I don’t want to suggest, of course, that Christian concerns about the family can simply be conflated with the concerns of radical queer activists. But they do intersect at certain points, and there is no reason why exploring the intersections between Catholicism and queerdom on this subject should be inherently scandalous. We’re unlikely to agree with most queer activists about Catholic teaching on homosexuality, but then—as Andrew Prizzi has incisively pointed out here at Ethika Politika—most Protestants with whom Catholics happily co-operate have long disagreed with Catholic beliefs on divorce and birth control, and both of these issues, Catholics believe, like homosexuality, pertain to the natural law (CCC, 2370; 2384).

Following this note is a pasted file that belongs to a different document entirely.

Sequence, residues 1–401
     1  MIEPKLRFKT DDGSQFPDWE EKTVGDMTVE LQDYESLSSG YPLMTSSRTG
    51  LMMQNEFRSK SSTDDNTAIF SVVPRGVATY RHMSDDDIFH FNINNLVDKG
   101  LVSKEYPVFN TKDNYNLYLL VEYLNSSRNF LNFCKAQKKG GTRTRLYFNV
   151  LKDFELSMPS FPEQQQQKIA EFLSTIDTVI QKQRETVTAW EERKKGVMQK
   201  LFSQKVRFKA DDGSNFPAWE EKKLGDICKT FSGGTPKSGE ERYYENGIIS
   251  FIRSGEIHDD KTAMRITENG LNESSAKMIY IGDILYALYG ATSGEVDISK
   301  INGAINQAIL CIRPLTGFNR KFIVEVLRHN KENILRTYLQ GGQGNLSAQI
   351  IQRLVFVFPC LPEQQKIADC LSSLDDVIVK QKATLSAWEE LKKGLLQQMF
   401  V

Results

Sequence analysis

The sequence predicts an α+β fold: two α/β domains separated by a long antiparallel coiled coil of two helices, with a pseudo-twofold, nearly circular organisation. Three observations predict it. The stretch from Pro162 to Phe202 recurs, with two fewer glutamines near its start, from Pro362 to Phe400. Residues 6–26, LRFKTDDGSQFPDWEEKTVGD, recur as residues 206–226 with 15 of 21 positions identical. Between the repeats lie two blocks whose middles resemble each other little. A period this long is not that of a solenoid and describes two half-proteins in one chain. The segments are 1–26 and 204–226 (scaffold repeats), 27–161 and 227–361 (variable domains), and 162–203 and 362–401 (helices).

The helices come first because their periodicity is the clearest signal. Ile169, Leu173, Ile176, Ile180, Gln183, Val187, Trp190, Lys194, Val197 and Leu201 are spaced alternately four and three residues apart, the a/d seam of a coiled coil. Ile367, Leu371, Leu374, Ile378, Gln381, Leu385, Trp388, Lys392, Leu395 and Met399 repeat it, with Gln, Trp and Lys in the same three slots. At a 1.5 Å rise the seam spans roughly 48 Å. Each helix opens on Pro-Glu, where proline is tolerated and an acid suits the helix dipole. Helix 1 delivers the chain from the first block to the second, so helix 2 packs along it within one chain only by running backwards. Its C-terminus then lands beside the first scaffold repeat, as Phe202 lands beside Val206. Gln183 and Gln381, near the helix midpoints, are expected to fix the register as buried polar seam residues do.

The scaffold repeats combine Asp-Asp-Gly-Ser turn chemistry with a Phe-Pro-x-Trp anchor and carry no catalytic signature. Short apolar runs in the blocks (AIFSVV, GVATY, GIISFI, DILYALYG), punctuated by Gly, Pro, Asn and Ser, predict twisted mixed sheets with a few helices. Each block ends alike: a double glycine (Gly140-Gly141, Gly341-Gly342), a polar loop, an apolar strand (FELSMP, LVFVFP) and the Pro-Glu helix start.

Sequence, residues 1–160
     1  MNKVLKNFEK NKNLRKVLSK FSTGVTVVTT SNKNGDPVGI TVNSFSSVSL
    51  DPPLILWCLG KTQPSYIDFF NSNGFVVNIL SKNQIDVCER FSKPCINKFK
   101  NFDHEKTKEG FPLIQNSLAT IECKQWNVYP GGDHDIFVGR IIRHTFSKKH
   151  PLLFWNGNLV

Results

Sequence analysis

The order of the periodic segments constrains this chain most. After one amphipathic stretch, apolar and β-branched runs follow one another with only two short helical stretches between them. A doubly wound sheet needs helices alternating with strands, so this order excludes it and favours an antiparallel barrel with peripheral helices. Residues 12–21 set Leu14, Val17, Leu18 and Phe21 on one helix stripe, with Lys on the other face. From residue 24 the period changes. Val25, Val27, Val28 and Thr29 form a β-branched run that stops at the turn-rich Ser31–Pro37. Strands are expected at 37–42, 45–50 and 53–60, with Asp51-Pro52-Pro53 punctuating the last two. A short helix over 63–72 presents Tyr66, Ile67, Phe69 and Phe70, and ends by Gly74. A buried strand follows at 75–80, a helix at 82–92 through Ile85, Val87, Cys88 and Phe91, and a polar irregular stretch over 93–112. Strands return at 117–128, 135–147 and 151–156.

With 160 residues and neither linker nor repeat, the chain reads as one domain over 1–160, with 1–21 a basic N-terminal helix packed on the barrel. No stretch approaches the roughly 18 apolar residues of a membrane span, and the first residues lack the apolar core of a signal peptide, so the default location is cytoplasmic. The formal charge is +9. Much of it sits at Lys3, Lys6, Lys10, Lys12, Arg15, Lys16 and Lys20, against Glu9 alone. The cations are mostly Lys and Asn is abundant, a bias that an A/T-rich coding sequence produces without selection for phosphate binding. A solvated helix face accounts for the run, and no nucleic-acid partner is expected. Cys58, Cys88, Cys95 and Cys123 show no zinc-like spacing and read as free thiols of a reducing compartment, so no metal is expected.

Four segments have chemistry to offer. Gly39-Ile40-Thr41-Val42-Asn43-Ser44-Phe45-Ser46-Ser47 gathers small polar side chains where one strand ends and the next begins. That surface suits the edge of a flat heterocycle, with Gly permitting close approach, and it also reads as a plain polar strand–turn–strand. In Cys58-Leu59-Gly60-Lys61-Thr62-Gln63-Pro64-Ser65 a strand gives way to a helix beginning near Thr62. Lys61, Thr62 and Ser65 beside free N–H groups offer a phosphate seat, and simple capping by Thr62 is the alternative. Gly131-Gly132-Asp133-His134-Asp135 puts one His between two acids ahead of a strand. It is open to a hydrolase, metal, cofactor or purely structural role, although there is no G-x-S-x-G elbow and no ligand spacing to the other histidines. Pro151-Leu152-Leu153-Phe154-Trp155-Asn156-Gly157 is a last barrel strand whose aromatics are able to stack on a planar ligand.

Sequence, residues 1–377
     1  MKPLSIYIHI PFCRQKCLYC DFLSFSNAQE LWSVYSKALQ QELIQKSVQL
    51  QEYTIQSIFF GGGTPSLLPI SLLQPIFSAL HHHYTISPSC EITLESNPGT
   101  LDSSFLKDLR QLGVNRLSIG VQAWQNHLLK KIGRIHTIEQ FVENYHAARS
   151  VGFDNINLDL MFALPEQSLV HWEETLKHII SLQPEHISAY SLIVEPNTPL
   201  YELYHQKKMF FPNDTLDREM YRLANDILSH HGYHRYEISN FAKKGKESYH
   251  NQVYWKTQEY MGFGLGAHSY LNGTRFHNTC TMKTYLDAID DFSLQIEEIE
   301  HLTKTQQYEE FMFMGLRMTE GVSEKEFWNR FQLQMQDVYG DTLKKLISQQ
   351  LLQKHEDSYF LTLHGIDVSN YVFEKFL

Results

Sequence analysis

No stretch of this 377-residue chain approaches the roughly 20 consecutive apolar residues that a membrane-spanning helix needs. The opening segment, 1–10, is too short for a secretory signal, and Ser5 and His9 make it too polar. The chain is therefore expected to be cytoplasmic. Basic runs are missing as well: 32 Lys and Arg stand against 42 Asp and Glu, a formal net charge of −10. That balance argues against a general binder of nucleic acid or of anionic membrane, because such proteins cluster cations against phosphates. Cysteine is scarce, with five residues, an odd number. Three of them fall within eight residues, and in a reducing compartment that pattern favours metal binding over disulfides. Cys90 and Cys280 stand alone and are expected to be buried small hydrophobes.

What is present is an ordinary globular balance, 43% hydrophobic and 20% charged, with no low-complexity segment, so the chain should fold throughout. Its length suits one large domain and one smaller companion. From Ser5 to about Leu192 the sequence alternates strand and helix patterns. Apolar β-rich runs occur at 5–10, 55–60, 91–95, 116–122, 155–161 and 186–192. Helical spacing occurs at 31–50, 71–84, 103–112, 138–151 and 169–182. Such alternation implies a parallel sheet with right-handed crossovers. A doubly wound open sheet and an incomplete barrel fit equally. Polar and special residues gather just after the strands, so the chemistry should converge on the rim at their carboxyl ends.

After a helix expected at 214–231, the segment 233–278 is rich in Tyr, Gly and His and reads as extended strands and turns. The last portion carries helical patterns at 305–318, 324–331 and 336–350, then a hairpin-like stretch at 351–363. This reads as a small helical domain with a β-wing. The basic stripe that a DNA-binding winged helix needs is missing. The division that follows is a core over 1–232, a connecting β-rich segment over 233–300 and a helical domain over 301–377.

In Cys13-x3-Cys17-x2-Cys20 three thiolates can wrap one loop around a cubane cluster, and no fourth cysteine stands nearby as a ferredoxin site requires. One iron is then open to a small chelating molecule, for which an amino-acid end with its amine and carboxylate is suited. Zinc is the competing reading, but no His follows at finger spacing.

It may be a queer proposal (pun intended), but it is perhaps worth considering whether those genuinely interested in defending the historic teaching of the churches on Christian marriage and on the family do not currently have the wrong bedfellows. Instead of focusing on the defense of the “nuclear family”—a 1950s cultural meme that has very little support from Scripture or Christian tradition—perhaps Christians should be concerning themselves with exactly the sorts of themes that radical queer opponents of gay marriage like Julie Bindel emphasize—with “nurturing each other and living cooperatively,” and with “friendship groups and communities.” Real problems need real solutions.